In New York, the church of England displayed its essential character of intolerance. The royal governors, counsellors, judges, &c., had such overbearing influence, that they dared to grant large tracts of fertile lands to the churches of England, and laid the foundation of the ample riches they still hold, while no other denomination could obtain any. Even Dr. Rogers’s congregation, numerous and respectable as it was, could never obtain a legal title to a spot to bury their dead. The writings of Livingston and Smith furnish evidence enough of the spirit of these times. Great exertions were made in New York to propagate Anglican Episcopacy in Connecticut; and a famous Dr. Cutler, and a more famous Dr. Johnson, and his still more celebrated son, were employed with success in that service,—with such success, indeed, that an English church and an Episcopal priest soon appeared in all the towns from New Haven to New York.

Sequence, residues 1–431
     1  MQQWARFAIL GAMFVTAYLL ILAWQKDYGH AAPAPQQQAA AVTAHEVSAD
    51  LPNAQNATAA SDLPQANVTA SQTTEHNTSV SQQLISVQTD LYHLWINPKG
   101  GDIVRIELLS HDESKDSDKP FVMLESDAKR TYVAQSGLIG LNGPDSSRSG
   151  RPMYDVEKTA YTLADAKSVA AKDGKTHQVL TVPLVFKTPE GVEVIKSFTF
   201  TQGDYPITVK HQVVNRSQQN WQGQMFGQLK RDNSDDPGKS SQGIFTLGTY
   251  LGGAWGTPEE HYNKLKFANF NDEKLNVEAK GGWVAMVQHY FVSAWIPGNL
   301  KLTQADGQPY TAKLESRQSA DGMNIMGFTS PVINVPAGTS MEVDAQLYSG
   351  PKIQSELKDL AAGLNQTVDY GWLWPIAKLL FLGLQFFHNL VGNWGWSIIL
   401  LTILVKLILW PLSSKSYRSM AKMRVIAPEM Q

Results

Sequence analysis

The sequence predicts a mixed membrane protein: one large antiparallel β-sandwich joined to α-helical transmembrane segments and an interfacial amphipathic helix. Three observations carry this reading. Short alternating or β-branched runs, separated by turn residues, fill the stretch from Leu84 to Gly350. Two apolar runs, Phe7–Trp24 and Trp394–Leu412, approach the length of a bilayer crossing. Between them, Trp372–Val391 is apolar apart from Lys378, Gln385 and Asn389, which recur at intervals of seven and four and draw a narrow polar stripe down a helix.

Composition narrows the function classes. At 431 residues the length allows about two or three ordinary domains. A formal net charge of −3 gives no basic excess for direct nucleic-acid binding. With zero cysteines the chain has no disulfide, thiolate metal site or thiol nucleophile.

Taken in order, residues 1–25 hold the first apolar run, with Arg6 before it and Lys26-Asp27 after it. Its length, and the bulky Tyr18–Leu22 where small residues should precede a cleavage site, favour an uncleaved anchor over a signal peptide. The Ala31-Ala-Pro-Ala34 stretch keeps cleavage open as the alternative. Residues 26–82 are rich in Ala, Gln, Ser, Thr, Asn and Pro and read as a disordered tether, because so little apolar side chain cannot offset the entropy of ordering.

The efforts in New Hampshire and Rhode Island, though they ought to be recorded, I pass over, and hasten to Massachusetts. And here I want to write a volume. Here the clergy, and principal gentlemen among the laity, were high churchmen indeed. Passive obedience and non-resistance, in the most unqualified and unlimited sense, were their avowed principles in government, and the power of the church to decree rites and ceremonies, and the authority of the church in controversies of faith, were explicitly avowed. I know not where to begin, nor when to end. The anecdotes which I could relate as an eye and an ear-witness, would be innumerable. This north precinct of the large and ancient town of Braintree, now called Quincy, in which I was born and bred, and in which my father, grandfather, great-grandfather, and great-great-grandfather, lived, died, and lie buried, was a very focus of Episcopal bigotry, intrigue, intolerance, and persecution. I could introduce here a dramatis personæ of names, which I will not now commit to paper, and entertain you with plots and intrigues, which would compose a comedy equal to any of Molière or Shakspeare, if corruption, prostitution, and dupery can compose a comedy. Waving this for the present, we will proceed to Cambridge. Several branches of our Braintree family of Vassals had removed and planted themselves in the very front of the university, and they must have an Episcopal church. Our Braintree family of Apthorps instantly turned their attention to that seat of the muses and dissenters. Mr. East Apthorp, hot from Oxford, and still more warmed by holy orders from Episcopal hands, returned to his native country, and soon after arose a splendid edifice, as it was then thought, which every-body immediately concluded was intended for an Episcopal palace and in time for a Lambeth. All sensible men knew that this system could not be effected but by act of parliament; and if parliament could do this, they could do all things; and what security could Americans have for life, liberty, property, or religion? The Society for Propagating the Gospel had long perverted their revenues from their original design to the support of the church of England ministers. Upon the death of Dr. Miller, of Braintree, a satirical irony appeared in a newspaper, the point of which turned upon this abuse of the society’s resources. This jeu d’esprit soon produced an explosion. Mr. Apthorp came out with an eloquent and zealous pamphlet. Dr. Mayhew appeared with his comparison between the charter and conduct of the society, showing their non-conformity with each other. The controversy soon interested all men, spread through America and in Europe, brought forward the aged Dr. Johnson, and at last the Archbishop of Canterbury. All denominations in America became interested in it, and began to think of the secret, latent principle upon which all encroachments upon us must be founded, the power of parliament. The nature and extent of the authority of parliament over the colonies was discussed everywhere, till it was discovered that it had none at all, a conclusion still more forcibly impressed upon the people by the Canada bill, by which the Roman Catholic religion and Popish bishops were established in that province by authority of a British parliament. The people said, if parliament can do this in Canada, they can do the same in all the other colonies; and they began to see and freely to say, that parliament had no authority over them in any case whatsoever.